FAQ

You can take the survey if:

  • You are 18 or older
    AND
  • You have a diagnosis from your medical provider of ME or ME/CFS, POTS, hEDS and/or MCAS
    OR
    You have a suspected diagnosis of Long COVID
    OR
    You are generally healthy, with no chronic diseases or conditions 

People from any country can take the survey.

See ‘Who qualifies as having a chronic complex disease? Are patients self-identified?’ for more.

Click on the sign-up box on the landing page (or in quiet sign-up, if you have sensory sensitivities) and enter your email address and choose a username. Take note of this username and make sure it’s an email address you can access.

By default, emails sent through Qualtrics come from the [email protected] email address. Add [email protected] to your contacts so the email does not end up in your spam folder.

You should receive an invitation to take section one of the survey. When a new survey section opens, you should receive a personalized invite in your email, and a new invite each month. There are six survey sections in total.

NOTE: this invitation CANNOT work for others.  It is personalized to you.  To encourage others to take the survey, send them to www.meaction.net/epi, rather than forwarding your invitation to them.

Once you have completed section 1 of the survey, you should receive all subsequent sections of the survey as direct invites to your email address.  You can’t receive invitations to subsequent surveys without completing prior sections.

Some people may not have finished the survey, or might have been ruled out as healthy controls because they did not meet our inclusion benchmarks.  If you received a message saying you did not meet inclusion criteria, you should not receive an invitation to take survey section 2.  We hope you will continue to help spread the word about the survey, however!

The survey questions are broken up into six sections.  Sections will be released a month apart, and the survey will stay open for a year in total.  Each section should take 15-20 minutes.

If you need to stop in the middle of a section, you can keep the tab with the survey open and return to it later.  If you close the window/tab, your answers in a half-completed section may not be saved.  

IRB approval/exemption means that a board of experts has judged a study ethical and believes the data is well-protected.  This study was determined to be exempt by Western IRB. 

Your data will be on Qualtrics, which is a secure platform.  Only people with IRB training/certification working on this study will have access to data that could personally identify you.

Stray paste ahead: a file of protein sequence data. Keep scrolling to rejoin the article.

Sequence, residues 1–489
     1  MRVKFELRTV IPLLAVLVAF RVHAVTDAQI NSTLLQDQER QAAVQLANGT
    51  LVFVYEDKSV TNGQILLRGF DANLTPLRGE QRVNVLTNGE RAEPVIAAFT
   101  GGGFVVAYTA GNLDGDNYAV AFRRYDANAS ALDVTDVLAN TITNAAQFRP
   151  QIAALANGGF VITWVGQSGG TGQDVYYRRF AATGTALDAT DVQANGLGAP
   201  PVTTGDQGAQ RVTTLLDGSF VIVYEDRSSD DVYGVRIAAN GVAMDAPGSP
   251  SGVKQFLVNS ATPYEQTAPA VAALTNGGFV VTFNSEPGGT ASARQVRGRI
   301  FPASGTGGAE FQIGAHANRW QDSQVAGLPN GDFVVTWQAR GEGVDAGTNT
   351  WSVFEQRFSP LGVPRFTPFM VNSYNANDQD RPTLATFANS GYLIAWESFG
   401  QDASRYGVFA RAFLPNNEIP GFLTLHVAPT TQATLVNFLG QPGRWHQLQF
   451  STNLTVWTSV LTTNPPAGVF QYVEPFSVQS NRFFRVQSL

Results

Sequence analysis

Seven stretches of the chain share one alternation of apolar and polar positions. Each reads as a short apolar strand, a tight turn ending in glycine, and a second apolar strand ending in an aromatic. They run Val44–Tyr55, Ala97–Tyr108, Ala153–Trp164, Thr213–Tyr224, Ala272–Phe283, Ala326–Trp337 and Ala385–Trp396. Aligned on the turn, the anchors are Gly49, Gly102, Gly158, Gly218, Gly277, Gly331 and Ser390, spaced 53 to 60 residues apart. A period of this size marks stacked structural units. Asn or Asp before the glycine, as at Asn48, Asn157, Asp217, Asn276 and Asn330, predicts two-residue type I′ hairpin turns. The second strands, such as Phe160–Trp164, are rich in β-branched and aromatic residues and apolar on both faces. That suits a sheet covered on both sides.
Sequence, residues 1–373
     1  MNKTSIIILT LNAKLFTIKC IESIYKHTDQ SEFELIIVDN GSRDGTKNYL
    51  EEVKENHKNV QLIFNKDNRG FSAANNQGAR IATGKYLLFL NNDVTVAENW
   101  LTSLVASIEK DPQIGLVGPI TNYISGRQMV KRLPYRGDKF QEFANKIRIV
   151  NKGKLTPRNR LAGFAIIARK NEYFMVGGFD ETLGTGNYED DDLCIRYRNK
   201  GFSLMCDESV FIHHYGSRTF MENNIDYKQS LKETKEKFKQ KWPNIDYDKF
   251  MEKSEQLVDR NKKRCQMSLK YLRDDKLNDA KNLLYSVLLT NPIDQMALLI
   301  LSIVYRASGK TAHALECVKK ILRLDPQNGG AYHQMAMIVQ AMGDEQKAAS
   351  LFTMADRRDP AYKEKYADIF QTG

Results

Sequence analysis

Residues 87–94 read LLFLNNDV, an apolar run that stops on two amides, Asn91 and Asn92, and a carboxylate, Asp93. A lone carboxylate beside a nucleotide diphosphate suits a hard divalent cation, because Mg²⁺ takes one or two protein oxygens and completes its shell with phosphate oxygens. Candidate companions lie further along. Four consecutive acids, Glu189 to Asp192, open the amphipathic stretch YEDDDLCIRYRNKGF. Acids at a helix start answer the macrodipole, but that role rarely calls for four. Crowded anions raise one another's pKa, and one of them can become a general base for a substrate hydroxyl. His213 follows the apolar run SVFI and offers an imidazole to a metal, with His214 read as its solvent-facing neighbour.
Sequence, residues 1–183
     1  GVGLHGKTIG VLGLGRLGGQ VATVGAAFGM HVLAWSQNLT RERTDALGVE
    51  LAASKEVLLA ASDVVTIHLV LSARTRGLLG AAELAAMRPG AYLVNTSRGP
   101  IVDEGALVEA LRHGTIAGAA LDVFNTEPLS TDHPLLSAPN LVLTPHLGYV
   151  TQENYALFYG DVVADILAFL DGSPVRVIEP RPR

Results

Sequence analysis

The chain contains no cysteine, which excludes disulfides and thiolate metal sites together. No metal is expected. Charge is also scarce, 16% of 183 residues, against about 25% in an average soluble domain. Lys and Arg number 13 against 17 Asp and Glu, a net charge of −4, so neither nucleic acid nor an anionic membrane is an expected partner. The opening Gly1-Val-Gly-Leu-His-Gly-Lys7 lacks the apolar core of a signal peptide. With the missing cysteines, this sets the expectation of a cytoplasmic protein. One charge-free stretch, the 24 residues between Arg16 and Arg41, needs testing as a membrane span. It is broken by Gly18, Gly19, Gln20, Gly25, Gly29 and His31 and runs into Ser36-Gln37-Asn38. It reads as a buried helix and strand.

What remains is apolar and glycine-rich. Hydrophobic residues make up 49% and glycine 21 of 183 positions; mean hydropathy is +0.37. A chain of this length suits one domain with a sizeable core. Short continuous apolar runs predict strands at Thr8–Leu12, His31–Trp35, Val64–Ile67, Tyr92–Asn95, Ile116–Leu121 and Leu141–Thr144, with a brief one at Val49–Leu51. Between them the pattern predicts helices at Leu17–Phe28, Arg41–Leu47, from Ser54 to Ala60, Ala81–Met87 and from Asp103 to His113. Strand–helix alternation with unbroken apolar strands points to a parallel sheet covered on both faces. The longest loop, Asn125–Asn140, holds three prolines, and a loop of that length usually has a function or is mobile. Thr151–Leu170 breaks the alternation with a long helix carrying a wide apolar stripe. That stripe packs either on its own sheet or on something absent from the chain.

You have the option to participate in future projects, which may mean your anonymized data could be shared with other researchers.  You are able to opt out of this, however.

The survey will be available for approximately one year. We will release sections one at a time, a month apart. 

Your survey data will not be used unless it is all completed by the end of the study.

Our goal is to get the broadest possible spread of responders. Here are some ways in which we make the survey as accessible as possible:

  • You may enlist the help of a close friend or family member to read the survey aloud to you and record your answers.
  • You may ask for a printed copy of the survey sections when they become available if screentime is challenging.  
  • Remember that you do not have to take the whole survey in one sitting: keep your tab open and return when you are ready.

A small scale report will be published soon after the survey closes. Subsequent peer-reviewed journal articles will take more time, and some of these timelines are not entirely within our control.

ME, POTS, hEDS, MCAS, and long COVID are all chronic complex diseases.  This means that they involve multiple body systems with multiple morbidities. Chronic complex diseases have complicated self-management requirements and require specialized, multidisciplinary care.

Multiple studies have shown that many people with ME also have POTS, hEDS and/or MCAS.  75-80% of patients with ME/CFS report a diagnosis of two chronic complex diseases or more.  That means it makes sense to consider these diseases together, and learn to better distinguish them.

Epidemiology studies how often diseases occur in different groups of people and why. Epidemiological information is used to plan and evaluate strategies to prevent illness and to guide disease management in people who are already ill.

The epidemiology of a disease is as fundamental as clinical findings or pathology; epidemiological findings can often provide clues to the etiology (causes and origins) of a disease.  

Patient and public involvement is a very important part of research projects that aim to engage with and inquire deeply into the patient experience. In order to better understand the disease presentation and course, it is important to directly engage with patients.  Over the course of our investigations, we encountered several symptoms common in ME/CFS and other chronic complex diseases that were not part of any existing set of diagnostic criteria.

Patient-centered data in rare and rarely diagnosed diseases is different from that gathered by researchers or clinicians only. A recent paper co-authored by our partners in the Human Phenotype Ontology (HPO) Project demonstrates that patient-reported versus clinician-reported symptoms differ significantly in long COVID, for example — and that patient-reported data is richer, more detailed, and more complete.  This supports a wealth of evidence for the value of patient participation in research at every stage.

While we recognize there are significant barriers to diagnosis, in order to accurately characterize ME, ME/CFS, POTS, hEDS, and MCAS, we require that people with chronic complex disease have been diagnosed by a medical provider. This is self-reported, for most.  

The exception is Long COVID, which is still very rarely diagnosed by clinicians as of 5/2021.  We ask that Long COVID responders have had a positive PCR or antibody test for COVID-19 or met the CDC criteria for suspected COVID-19 infection, and have continued to experience symptoms for 3 months or longer.  Your doctor does not need to have told you that you have a diagnosis of Long COVID (or “PASC”).